Printed in the Conscious Creation Journal
Wiggling in My Seat
by Sharon Mendenhall
Introduction to this uniquely flavored material: When I was seventeen, I read the book “1984,” and I knew that something would happen in 1984 that would change my life. And it did! A book in the library fell off the shelf and hit me on the head, so I checked it out. Since then Seth not only has spoke to me, he has yelled, loudly. Something about “You Create Your Own Reality, so get a clue, Jack!”
Fifteen years later, when I was just about able to convince Seth my name wasn’t Jack, here comes Elias to hit me on the head with a big hammer. I’m still in the process of getting a clue, but I had to do it my way. Put it in my own words, so Elias would put that damn hammer down. The result was some type of outlandish diary. A diary about me and my jumbled up concepts. I have no other excuse. If I did, I would definitely use it.
I created a reality entitled, “Diary of a Goddess.” It started out just a little at a time, just some random thoughts that I spontaneously committed to electronic paper. But then mysteriously, the chapters started to link together, and some 350 pages later I began to wonder what to do with all this stuff. Some of it is funny, DAMN funny. (Oh my, Spiritual Humor! I always thought that was an oxymoron.)
I’m just a hitchhiker travelin’ through the universe and lookin’ for a good time, as we all are. The diary has been just plain fun for me, and I hope it will be for you also. If either Seth or Elias start hitting you over the head with a hammer, well, I had nutin’ to do wif’ it. You’re on your own.
The Cosmic Motion Picture Company presents
Wiggling in My Seat
I sort of wiggled in my seat, as I listened to someone else’s definition of myself. A version of me from their perspective, filtered through their beliefs. It’s hard not to discount myself, I guess I wiggle a little to remind myself not to go there.
Her version was that I do too much for others, compared to others versions that I do too little. No happy medium there, I immediately determined. Can’t please everybody, why bother? She wanted to know why I was there? Inspiration was my response.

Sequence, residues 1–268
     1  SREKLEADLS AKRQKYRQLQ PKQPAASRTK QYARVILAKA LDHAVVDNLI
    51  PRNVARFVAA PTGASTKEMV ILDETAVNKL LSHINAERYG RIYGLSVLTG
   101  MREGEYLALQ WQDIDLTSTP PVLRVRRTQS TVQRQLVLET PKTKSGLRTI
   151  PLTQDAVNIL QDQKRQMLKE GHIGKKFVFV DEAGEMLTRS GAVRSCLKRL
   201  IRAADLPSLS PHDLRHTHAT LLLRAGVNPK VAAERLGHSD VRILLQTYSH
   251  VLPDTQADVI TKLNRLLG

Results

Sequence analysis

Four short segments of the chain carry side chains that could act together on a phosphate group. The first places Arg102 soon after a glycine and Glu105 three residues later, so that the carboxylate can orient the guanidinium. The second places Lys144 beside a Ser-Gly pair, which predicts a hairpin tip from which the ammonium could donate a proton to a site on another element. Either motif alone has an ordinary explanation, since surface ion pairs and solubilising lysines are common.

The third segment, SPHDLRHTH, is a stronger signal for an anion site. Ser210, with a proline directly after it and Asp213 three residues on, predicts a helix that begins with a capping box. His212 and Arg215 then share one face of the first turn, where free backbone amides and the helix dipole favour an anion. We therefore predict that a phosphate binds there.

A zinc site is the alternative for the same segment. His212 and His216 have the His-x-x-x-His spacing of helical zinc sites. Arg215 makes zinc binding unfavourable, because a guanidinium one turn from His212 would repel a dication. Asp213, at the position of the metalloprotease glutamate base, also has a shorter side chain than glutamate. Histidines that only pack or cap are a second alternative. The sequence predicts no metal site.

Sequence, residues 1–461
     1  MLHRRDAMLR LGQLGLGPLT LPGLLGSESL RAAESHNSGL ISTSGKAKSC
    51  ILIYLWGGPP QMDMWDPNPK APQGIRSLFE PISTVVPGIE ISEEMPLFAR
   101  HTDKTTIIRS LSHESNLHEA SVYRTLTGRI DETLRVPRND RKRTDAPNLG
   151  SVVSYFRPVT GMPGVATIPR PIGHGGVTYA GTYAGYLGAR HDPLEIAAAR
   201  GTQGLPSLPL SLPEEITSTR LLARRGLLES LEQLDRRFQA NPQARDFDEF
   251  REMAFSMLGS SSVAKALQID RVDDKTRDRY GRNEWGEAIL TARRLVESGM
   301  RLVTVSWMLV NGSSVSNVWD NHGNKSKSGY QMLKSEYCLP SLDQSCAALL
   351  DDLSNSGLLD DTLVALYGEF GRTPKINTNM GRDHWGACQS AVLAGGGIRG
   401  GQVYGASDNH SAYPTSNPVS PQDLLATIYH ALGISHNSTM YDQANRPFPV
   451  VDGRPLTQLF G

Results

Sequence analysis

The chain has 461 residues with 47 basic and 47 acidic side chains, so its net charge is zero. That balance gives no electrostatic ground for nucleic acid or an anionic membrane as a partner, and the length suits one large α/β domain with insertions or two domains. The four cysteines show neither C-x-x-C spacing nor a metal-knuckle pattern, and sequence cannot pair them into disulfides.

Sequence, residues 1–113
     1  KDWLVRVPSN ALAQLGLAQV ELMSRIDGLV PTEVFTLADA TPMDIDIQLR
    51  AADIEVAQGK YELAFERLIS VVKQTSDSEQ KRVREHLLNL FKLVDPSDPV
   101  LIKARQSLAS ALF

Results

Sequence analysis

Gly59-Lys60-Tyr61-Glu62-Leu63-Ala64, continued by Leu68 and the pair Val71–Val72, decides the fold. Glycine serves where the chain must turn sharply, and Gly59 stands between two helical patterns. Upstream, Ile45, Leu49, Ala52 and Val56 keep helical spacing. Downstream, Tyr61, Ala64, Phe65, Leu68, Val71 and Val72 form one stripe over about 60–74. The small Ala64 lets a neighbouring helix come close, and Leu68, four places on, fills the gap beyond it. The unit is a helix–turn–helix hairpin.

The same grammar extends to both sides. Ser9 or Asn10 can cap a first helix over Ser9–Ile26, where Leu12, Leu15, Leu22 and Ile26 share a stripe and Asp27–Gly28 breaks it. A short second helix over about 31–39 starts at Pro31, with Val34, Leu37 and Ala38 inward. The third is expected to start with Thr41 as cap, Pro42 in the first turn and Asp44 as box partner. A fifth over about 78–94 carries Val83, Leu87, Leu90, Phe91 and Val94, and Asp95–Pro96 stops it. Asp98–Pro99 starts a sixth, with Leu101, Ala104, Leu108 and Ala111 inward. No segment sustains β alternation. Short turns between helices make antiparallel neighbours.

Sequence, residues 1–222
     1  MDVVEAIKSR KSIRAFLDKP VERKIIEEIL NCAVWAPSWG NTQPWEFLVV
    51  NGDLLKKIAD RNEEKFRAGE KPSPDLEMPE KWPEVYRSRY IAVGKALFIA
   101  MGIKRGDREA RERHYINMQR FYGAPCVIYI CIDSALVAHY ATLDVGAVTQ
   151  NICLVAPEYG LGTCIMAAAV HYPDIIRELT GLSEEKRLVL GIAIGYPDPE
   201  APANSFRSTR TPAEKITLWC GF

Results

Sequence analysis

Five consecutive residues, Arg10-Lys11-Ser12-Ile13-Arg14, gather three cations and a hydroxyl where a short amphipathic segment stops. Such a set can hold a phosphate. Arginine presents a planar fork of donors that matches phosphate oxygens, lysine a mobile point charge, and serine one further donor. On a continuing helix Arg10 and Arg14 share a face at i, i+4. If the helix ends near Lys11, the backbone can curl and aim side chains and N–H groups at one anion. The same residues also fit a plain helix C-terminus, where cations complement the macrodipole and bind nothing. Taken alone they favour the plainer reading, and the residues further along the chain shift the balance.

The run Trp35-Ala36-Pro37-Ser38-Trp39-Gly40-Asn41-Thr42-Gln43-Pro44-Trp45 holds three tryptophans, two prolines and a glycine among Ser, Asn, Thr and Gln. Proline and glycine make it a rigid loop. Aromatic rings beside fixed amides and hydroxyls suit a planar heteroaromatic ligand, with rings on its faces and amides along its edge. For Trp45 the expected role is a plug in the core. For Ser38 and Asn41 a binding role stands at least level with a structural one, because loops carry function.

And then she wanted to know why I blocked my writing? Hmmm, interesting I thought. I tried to explain that it comes in waves. Sometimes I write till my fingers ache, other times I don’t write at all, just observe. And then she elaborately complimented my writing, which she had read very little of, and none of the recent stuff. I accepted her comments with grace, verbally, but I wiggled a little more. I was discounting again. I knew she wasn’t familiar with anything I had written in the last year. I wondered what she would say if she had read any of it.
She wanted to know why it wasn’t published? I thought it had been. I mean it’s out there, for those who wish to find it. It just isn’t printed. Never has been, no book for people to judge by the cover. A waste of paper and ink as far as I’m concerned. It will change, and keep changing.
I hadn’t been around that much this past year and she had missed me. I missed her too. And then the magic word came, she added, that I was weird.
Weird, that’s a good discounting word. What is weird? Or more like what isn’t weird? I equate not weird to boring. What isn’t weird is listening to someone tell you about all the terrible things happening in their life. I hear it all the time and it makes me want to avoid saying, “how are you?” for fear they might tell me. What isn’t weird to me, is that I don’t want to discuss that anymore, but I guess that is weird to them. After all, it seems to be the main subject for all conversations. What is wrong, victim, victim, victim.
“None of it is wrong, and none of it is right, it just is what you are creating in the moment,” I said. Not the statement she wished to hear. Adds to that weird business. She tilts her head.
I laugh, this is funny. Your perspective of my perspective filtered through your beliefs and listened to by mine. It’s a wonder we can even communicate. Nothing for me to do but laugh, it is humorous to say the least. I talk a bit about perspective, how everyone has their unique own. She understands, somewhat. It explains the laughing, but not completely. Adds to the weird.
Yes, I agree, I am weird, in the context of my own definition. But I’m enjoyably weird, I believe weird should be delightfully entertaining. And I don’t think I’ve ever been labeled as weird by anyone whom I did not think was equally as weird. We sort of have that mirror thing going for us. It’s fun when I recognize it, discounting when I don’t.